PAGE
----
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250 Evatt to Arnold

Letter SAN FRANCISCO, 25 July 1943

I have received your unofficial and confidential letter dated July 22nd [1] on the eve of my departure from this country.

First of all, let me say this. Owing to your unavoidable absence from Washington, I spoke to General Stratemeyer not in relation to aircraft allocation generally, but only in relation to the special contribution to Australia directed by the President to be made following representations by myself.

As you know, the President, as Commander-in-Chief, had given a decision directing that airplanes be provided for the Royal Australian Air Force in addition to all existing commitments to Australia. While the working out of details was a matter for the Staffs, it is obvious that one object of the President's decision was to make the R.A.A.F. in the Southwest Pacific a more balanced and more effective striking force. Therefore, the question of heavy bombers provided for in Air Marshal Williams' specification was of importance.

On my recent return to Washington from London, I saw your Deputy [2] who told me that I should in the first instance discuss any question of types with Mr. Hopkins. Accordingly I did so.

I subsequently saw the President and furnished him with an aide memoire [3] following his intimation that the gift to Australia should not be interpreted in a narrow, but in a broad and liberal spirit.

I have no intention of embarking upon any discussion of strategy with yourself I must say, however, that your letter invites the comment that, at the recent Washington Conferences, it was decided that unremitting pressure against Japan should be maintained and extended. [4] Accordingly Mr. Churchill announced to the Press in the presence of the President that the war against Japan was to be pursued with the same vigor as the war in Europe. The President's decision to make a special contribution to Australia was in strict accordance with the strategic decisions reached in Washington which are well known to me.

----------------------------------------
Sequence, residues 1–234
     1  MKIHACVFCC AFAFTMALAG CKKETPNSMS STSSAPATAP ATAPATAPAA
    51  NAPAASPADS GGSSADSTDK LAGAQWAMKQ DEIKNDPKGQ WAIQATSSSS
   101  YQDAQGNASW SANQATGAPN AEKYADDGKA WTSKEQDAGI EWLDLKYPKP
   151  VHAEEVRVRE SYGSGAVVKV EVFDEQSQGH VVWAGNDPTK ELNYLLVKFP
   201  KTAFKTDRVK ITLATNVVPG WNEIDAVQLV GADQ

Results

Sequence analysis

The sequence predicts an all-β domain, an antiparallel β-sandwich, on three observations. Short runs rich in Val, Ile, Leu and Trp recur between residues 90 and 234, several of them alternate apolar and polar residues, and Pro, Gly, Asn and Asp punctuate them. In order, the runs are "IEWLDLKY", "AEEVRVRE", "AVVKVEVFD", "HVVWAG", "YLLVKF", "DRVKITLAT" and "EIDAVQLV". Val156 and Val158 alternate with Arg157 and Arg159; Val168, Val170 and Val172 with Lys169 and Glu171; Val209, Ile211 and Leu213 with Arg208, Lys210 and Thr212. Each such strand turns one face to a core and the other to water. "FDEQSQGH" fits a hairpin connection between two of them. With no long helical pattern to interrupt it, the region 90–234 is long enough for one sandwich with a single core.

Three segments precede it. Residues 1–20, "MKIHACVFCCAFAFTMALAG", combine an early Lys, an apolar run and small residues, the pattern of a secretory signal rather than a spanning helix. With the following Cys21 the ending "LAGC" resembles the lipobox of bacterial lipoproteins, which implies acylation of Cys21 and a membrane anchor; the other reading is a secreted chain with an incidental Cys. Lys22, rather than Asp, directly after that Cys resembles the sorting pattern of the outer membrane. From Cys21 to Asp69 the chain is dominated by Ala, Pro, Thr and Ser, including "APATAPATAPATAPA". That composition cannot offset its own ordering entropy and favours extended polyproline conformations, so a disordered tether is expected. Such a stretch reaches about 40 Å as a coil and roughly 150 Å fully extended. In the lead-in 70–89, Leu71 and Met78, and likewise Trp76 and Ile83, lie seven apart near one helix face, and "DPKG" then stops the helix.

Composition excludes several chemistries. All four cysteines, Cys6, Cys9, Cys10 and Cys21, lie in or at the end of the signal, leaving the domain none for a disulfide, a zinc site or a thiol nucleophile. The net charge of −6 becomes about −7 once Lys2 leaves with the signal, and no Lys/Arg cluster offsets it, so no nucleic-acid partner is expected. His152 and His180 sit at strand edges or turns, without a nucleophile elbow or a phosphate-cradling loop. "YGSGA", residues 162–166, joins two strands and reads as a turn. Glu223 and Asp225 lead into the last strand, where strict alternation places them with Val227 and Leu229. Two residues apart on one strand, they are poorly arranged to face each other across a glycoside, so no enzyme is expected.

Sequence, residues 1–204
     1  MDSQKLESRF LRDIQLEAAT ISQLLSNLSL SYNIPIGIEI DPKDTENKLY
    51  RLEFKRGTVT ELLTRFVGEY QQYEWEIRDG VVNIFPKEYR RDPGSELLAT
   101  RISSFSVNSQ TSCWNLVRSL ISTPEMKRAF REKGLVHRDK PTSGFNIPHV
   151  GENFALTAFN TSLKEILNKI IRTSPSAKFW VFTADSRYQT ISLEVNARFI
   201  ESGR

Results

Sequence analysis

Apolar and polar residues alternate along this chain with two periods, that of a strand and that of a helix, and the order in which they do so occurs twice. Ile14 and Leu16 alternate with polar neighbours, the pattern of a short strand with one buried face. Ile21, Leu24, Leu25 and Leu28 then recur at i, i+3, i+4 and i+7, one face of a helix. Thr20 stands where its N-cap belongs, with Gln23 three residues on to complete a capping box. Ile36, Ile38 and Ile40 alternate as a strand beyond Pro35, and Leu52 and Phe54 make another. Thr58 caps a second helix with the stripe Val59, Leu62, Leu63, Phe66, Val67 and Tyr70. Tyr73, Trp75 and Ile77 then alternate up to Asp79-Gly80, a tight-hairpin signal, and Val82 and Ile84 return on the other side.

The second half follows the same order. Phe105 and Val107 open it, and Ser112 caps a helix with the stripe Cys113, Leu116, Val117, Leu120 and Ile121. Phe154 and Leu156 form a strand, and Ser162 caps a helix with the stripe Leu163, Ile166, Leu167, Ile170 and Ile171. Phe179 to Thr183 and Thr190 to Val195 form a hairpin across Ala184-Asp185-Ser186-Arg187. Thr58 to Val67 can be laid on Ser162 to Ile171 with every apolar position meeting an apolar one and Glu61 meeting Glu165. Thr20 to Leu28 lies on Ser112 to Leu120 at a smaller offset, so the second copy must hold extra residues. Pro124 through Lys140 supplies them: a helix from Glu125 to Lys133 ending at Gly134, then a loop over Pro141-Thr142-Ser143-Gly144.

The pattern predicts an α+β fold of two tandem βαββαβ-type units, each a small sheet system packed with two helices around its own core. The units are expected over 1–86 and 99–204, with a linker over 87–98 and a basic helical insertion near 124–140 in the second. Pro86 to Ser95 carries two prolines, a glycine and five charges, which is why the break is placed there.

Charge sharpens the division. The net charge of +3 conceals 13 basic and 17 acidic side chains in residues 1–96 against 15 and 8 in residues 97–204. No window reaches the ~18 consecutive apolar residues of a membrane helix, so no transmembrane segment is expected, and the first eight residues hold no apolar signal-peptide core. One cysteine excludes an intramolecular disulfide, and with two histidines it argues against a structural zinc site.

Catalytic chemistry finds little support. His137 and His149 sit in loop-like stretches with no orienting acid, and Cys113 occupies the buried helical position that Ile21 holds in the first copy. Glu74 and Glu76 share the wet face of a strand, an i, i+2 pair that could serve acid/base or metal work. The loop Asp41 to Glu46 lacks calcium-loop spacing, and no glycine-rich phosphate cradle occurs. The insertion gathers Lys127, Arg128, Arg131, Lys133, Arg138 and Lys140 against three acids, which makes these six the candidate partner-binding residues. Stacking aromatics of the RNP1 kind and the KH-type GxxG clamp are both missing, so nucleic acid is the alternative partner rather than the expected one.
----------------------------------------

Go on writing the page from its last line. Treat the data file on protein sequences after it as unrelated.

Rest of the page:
The practical suggestion I now make is that Australia's representative-Air Marshal Williams-should be fully consulted before determining allocations of planes in accordance with the President's special decision. Up to now he has not been consulted by you at all. You can take it that, for the purpose of working out the details of your Commander-in-Chief's special contribution, Air Marshal Courtney [5] did not represent Australia, and I am sure that he made no attempt to do so. Further, I am aware of Air Marshal Portal's representations to you that some heavy bombers should be provided for the R.A.A.F.

I accept your assurance as to your interest in the R.A.A.F. and in the very difficult operations in the South-West Pacific Area. This is surely an opportunity for you to do something tangible and of value. I hope, therefore, that you will consult Air Marshal Williams well in advance and work out a satisfactory allocation in accordance with the spirit of the President's special contribution to Australia.

I greatly regret having missed you, and would suggest that you might see Hopkins and subsequently the President before the matter is finalised. [6] With best wishes,


1 Document 249 2 Probably Lt Gen Joseph T. McNarney, Deputy Chief of Staff, U.S.

Army, who had deputised for Arnold at the Washington Conferences in May.

3 Document 244.

4 See Document 213.

5 Air Marshal Sir Christopher Courtney, Air Member for Supply and Organisation, U.K. Air Council.

6 The same day Evatt forwarded to Harry L. Hopkins a copy of this letter and of Arnold's letter of 22 July. In a covering note he described Arnold's letter as 'an extraordinary document, having regard to the fact that it does not even mention the President's special contribution to Australia' and expressed the hope 'that the President will be able to follow up the matter to a satisfactory conclusion'. The note is in Franklin D. Roosevelt Library: Hopkins Papers, box 173, 400.3295 Australia.

Last Updated: 11 September 2013

Category: International relations

Topic: History